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For A Good Snooze, Take One Melatonin, Add Eye Mask And Earplugs

It's hard to sleep when the light's on and the monitor's beeping.
Roderick Chen
Getty Images
It's hard to sleep when the light's on and the monitor's beeping.

Hospitals are one of the worst places to try to get a good night's sleep, just when you need it the most. And though many have tried to muffle the noise of beeping monitors and clattering carts, the noise remains a big problem for many patients.

But what if we looked at a night in the hospital as a long overseas flight? As you settle in, they hand out eye masks and earplugs. And you cleverly brought along melatonin, the sleep-regulating hormone sold at drugstores everywhere.

Researchers in China tested just that, and found that eye masks, earplugs and melatonin all helped. But melatonin helped the most.

They tested them by creating a fake intensive care unit with noise and lights, and getting 40 healthy adults to sleep in it. With the noise and lights off, their melatonin levels rose sharply until about 4 am, which is typical of a normal sleep cycle. They snoozed happily.

But with the noise and lights on, melatonin levels tanked. The people said they slept poorly and were anxious.

OK, on with the eye mask. The volunteers were given their choice of eye masks and earplugs and hit the hay. They fell asleep faster, were less likely to wake up, and arose saying they slept better and were less anxious.

Sounds like a win. But many people didn't like the earplugs, saying they were uncomfortable or claustrophobic. And the earplugs didn't do enough to muffle sounds.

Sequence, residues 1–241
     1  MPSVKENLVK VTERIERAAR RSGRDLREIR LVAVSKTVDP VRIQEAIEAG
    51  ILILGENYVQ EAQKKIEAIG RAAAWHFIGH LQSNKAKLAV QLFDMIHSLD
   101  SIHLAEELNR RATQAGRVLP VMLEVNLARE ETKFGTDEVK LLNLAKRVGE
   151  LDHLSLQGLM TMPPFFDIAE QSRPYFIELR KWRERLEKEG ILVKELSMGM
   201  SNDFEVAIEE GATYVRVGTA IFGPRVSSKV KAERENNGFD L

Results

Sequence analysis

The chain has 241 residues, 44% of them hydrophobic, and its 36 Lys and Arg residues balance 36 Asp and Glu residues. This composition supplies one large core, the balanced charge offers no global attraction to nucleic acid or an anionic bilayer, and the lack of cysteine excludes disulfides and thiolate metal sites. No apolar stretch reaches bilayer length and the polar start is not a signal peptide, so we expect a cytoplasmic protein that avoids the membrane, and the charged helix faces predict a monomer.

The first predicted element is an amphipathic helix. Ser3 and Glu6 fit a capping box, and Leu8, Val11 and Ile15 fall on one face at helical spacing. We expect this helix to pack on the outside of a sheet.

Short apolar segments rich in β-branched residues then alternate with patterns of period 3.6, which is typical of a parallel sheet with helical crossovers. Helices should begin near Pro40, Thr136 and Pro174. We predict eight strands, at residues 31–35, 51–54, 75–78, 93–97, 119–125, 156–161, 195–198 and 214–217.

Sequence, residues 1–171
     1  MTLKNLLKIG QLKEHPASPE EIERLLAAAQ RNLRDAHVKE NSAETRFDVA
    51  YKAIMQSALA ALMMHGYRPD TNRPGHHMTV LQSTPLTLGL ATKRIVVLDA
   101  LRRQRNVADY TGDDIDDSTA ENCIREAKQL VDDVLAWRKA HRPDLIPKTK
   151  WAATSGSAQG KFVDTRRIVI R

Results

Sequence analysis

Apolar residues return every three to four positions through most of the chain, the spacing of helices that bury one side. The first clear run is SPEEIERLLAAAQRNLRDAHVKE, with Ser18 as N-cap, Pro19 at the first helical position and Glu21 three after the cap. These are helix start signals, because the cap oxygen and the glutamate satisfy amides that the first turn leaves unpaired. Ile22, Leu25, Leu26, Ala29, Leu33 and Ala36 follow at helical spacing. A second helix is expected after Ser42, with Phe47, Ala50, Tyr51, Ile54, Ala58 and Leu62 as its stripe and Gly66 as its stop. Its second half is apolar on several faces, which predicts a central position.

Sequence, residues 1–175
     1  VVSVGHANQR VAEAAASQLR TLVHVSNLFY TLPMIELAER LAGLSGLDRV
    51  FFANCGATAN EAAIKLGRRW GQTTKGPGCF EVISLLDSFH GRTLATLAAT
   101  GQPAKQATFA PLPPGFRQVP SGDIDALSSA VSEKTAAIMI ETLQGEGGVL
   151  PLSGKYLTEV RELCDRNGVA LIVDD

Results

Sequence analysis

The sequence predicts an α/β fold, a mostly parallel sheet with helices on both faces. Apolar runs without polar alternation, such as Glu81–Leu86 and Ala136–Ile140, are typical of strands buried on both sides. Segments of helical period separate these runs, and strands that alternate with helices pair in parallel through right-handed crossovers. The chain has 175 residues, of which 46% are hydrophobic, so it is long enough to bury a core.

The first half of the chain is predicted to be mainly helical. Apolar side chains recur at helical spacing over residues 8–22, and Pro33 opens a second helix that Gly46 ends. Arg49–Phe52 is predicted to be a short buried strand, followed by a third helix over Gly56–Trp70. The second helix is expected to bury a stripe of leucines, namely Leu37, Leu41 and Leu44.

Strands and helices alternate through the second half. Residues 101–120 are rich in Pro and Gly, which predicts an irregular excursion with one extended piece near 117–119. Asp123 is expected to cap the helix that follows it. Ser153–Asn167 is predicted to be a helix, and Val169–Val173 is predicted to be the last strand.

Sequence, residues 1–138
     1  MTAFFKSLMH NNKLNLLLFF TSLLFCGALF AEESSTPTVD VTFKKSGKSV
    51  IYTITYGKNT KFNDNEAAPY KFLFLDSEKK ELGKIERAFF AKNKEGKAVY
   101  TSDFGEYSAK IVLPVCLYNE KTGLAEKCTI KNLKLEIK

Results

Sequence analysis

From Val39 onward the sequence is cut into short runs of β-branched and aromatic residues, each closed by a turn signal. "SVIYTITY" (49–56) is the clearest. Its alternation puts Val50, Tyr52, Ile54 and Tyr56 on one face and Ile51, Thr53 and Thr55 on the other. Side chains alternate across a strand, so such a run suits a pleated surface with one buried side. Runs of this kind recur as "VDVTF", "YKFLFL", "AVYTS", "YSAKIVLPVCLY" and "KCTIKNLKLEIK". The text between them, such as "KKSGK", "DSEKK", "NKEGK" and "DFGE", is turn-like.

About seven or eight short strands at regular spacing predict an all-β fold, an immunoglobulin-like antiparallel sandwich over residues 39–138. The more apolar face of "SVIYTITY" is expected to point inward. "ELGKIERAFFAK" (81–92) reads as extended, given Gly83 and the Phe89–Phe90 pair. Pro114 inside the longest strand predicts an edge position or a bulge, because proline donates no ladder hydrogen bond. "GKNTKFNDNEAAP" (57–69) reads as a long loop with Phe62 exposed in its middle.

Now for the melatonin. The volunteers took 1 mg at bedtime and said that did the best job of improving sleep quality and reducing anxiety. They also woke up less often during the night. And the melatonin level in their blood was much higher than while wearing eye masks or earplugs.

The researchers also tested a placebo pill, but it improved sleep only slightly.

People in an intensive care unit are very ill, the researchers note, and eye masks and earplugs might not be enough to restore normal biological sleep patterns. The study was published Thursday in the journal Critical Care.

And melatonin isn't risk free. It isn't recommendedfor people with high blood pressure or depression. And it can increase immune function, which can be problematic for people with autoimmune diseases or transplants.

But it would be nice if hospitals handed out eye masks and earplugs along with those no-slip socks, wouldn't it?

Now all we need is for someone to invent cheap comfy earplugs that banish the commotion.

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